Kieran’s Our City, Our Town Article, 1 October 2015

 812a. A description of the Cittie of Cork Plan of Cork, circa 1602

Kieran’s Our City, Our Town Article

Cork Independent1 October 2015

Cork Harbour Memories (Part 31)

The Construction of Elizabeth Fort


   Continuing on to explore the old maps of the City, the colourful Plan of Cork c.1600 based in the Hardiman Collection in Trinity College Dublin places an emphasis on an ordered walled town on a swamp complete with houses, laneways, drawbridges. Commissioned by George Carew, President of Munster or the plantations within the south of the country, this is the second of two known maps of the walled town by him. In this plan the emphasis is less on the height of the walls and more on the roads leading into the settlement. It shows a new dock area to the east to accommodate increased trade. But it is the showcasing of Elizabeth Fort on the left (with the Holy Rood Church within), which is perhaps why this map might of been created.

  Due to the stand-off in the Battle of Kinsale between English and Irish and Spanish, a reference in State Papers from late 1601 details Carew paid 200 labourers to expand an extensive trench in the southern suburbs, and that the project was paid by the walled town and the English administration in Ireland. A further reference in the State Papers from Carew to Lord Mountjoy on 6 August 1602 reveals Carew’s interest in creating the large earthwork; “That irregular work your Lordship saw at the south end of Corke, first intended for no other end than a poor entrenchment, for a retreat, is now raised to a great height equal or above all the grounds about it, and so reinforced with a strong rampart, as a powerful enemy shall not carry it in haste, and whilst that work holds out it shall be impossible for an enemy to lodge near that end of the town. The work is great, the Queens charge in erecting it nothing”. References in the same papers also mention the construction of a new fort at Kinsale (in time to become James Fort) and a fort on Haulbowline Island in Cork harbour.

    In April 1603, Queen Elizabeth I died and a new protestant king James I was proclaimed. The Council Books of the Corporation of Cork relate that in the case of Cork, a Captain Morgan was given the responsibility by the lord lieutenant of Ireland, Deputy Mountjoy to relate the news. In Cork, the message was received by a George Thornton, one of the Kings’ appointed commissioners for Munster who gave the news to the mayor of Cork, Thomas Sarsfield. In those days, due to previous charters, the mayor and the citizens of any royal town had the choice of refusing to proclaim a new monarch on the English throne but it rarely occurred due to the threat of military force. However, in this case, the mayor, Sarsfield was anti the crown and in favour of the rebellious Irish living in the area. He knew that he could not outright refuse but decided to use niches in the political system to delay the process of proclamation.

   Sarsfield took his right to call together elected officials of the Corporation at the city court house to decide on the matter. During this time, he was informed that the rest of the large walled towns had proclaimed James and kept Thornton, the English commissioner who was waiting for a response outside the meeting. Sarsfield managed to delay the process further by declaring that the meeting had to be adjourned until the following day. Under the pressure of time, Sarsfield and the citizens contemplated attacking a fort at Haulbowline but agreed on arming themselves and preventing any English forces from entering the town.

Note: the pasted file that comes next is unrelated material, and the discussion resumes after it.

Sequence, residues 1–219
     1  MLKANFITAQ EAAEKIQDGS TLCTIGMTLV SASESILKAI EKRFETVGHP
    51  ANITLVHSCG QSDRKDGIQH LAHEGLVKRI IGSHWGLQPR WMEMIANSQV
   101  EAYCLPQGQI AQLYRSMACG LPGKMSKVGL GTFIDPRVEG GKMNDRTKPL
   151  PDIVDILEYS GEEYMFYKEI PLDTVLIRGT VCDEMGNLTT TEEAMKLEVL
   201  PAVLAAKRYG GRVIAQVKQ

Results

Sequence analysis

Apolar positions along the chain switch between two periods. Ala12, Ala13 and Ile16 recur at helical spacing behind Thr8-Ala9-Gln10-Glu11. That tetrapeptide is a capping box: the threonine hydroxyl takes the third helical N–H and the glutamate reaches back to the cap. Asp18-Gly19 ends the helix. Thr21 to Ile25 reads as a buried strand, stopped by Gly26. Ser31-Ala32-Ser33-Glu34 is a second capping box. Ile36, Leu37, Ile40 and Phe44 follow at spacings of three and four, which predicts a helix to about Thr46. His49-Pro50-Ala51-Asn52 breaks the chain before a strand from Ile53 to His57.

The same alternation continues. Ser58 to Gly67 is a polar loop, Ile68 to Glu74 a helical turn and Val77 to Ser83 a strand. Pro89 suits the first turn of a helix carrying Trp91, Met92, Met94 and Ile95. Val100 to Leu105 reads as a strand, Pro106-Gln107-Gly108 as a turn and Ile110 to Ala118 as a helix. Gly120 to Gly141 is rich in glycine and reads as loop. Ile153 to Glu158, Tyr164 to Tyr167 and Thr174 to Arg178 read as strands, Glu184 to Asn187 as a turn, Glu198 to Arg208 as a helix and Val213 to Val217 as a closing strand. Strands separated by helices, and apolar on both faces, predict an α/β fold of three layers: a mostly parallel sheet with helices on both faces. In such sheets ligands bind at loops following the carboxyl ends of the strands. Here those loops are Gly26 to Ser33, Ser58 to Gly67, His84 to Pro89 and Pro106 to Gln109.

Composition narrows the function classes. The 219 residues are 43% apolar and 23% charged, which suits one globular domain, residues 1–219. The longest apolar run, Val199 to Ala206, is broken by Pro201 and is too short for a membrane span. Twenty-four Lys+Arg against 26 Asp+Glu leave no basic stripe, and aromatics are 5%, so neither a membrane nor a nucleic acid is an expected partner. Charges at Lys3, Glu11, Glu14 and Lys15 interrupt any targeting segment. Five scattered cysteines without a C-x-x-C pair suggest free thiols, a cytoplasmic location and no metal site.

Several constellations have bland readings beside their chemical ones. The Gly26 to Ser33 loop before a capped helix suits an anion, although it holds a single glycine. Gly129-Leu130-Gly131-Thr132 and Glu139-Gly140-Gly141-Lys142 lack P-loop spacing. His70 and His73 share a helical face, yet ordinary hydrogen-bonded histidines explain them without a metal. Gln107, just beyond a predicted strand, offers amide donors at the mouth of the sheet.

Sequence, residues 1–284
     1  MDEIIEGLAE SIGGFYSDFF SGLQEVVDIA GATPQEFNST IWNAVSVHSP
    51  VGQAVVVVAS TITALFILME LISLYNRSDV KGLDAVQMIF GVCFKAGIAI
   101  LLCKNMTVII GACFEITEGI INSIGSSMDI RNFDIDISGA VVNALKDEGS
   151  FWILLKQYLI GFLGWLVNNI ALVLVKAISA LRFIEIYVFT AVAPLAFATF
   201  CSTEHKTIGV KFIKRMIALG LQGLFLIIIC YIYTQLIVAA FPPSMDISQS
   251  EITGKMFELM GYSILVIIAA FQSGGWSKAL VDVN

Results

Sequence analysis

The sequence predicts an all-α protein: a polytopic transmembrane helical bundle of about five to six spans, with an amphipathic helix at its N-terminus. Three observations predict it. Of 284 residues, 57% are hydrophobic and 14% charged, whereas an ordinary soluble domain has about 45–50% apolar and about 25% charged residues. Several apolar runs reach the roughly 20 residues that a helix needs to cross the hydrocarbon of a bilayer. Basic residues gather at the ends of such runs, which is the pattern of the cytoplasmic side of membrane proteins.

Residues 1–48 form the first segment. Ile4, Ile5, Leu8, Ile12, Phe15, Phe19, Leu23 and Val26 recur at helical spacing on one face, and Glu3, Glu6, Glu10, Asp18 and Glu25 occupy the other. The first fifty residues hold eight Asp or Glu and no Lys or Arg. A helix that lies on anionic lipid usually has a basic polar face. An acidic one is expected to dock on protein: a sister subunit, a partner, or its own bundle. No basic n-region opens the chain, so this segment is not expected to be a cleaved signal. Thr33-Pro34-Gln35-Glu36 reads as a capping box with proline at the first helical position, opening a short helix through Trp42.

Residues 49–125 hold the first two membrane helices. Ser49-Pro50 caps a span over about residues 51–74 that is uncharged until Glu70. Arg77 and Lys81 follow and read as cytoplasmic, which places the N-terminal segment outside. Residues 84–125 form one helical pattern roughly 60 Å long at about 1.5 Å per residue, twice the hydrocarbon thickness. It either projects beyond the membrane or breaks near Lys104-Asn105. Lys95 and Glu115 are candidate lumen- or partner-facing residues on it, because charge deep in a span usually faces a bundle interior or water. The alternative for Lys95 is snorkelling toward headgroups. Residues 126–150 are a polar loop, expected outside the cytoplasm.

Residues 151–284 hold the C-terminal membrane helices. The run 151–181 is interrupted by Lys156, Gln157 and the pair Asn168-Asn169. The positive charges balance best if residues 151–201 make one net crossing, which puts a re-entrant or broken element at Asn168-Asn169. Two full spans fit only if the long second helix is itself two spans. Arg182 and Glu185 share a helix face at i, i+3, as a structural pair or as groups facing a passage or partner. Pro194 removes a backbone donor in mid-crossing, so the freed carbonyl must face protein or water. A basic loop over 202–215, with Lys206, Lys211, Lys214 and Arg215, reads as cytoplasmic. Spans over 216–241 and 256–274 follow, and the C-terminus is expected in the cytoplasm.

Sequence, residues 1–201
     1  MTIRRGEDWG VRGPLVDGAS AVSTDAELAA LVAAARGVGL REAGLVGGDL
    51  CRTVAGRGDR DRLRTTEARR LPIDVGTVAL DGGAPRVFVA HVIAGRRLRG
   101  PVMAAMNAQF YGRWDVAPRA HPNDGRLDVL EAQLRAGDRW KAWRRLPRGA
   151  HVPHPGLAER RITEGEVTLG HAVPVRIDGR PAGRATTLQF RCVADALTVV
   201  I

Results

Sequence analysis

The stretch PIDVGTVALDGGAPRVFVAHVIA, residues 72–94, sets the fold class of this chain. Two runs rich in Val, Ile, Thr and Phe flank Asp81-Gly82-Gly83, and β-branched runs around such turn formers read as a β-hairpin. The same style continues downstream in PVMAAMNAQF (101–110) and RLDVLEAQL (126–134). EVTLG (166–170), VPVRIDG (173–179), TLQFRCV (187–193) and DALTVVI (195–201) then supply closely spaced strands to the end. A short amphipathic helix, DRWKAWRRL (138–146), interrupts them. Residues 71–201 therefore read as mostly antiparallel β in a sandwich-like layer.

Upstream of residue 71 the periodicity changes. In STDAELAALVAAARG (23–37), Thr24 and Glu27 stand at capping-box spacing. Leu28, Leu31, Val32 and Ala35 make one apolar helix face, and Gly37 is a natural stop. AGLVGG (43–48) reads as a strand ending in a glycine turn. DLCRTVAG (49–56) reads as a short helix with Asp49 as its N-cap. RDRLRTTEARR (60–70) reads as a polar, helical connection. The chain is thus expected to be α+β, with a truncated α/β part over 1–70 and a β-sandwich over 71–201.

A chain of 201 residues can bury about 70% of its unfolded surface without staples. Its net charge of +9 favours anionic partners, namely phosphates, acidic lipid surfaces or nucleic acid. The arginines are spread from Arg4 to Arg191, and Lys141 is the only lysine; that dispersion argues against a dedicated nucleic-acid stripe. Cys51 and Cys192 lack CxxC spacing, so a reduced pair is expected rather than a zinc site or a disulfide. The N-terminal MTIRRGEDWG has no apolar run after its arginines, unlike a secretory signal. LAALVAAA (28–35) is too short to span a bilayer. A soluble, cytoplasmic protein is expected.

This rebellion did not deter Thornton from carrying out and at this stage enforcing the proclamation that James I was the new king. Thornton and eight hundred soldiers proclaimed the new king in the north suburbs of the city around Shandon Castle. A number of principal characters are recorded in this revolt. One such man, a Thomas Fagan had an interesting personality. One incident involving Thomas included the time he fired a cannon at an Englishman, a James Grant. He had previously attacked Grant and stripped him of his clothes. Fagan was also responsible for breaking into the city’s ammunition store within a former tower house called Skiddy’s Castle. This store was located at the northern end of North Main Street, now the site of the National Rehabilitation Board. However, firing cannons at people, raiding gunpowder stores were only one part of his personality. Fagan also carried a white rod around the city and declared himself the principal church-warden in the city. It is recorded that any English person or protestant that passed him was mocked without fail.

    Even, certain Englishmen took the side of the rebels. John Nicholas, brewer and a John Clarke, tanner mounted a small portable cannon on top of the walls and fired at two soldiers, killing them. The town’s recorder, John Mead was also on the side of the rebellion and used his political clout accordingly to support the rebels. Mead ordered the king’s store keeper, an Allen Apsely at Skiddy’s Castle to be killed and his arms to be taken away. He also ordered the arrest of the clerk of the munitions, a Michael Hughes along with his wife who were sentenced to be thrown over the walls as a means of execution.

 To be continued…



812a. A description of the Cittie of Cork/ Plan of Cork, circa 1602 by George Carew (source: Hardiman Atlas, Library of Trinity College Dublin)

812b. Elizabeth Fort from A description of the Cittie of Cork/ Plan of Cork, circa 1602 by George Carew (source: Hardiman Atlas, Library of Trinity College Dublin)


812b. Elizabeth Fort from A description of the Cittie of Cork Plan of Cork, circa 1602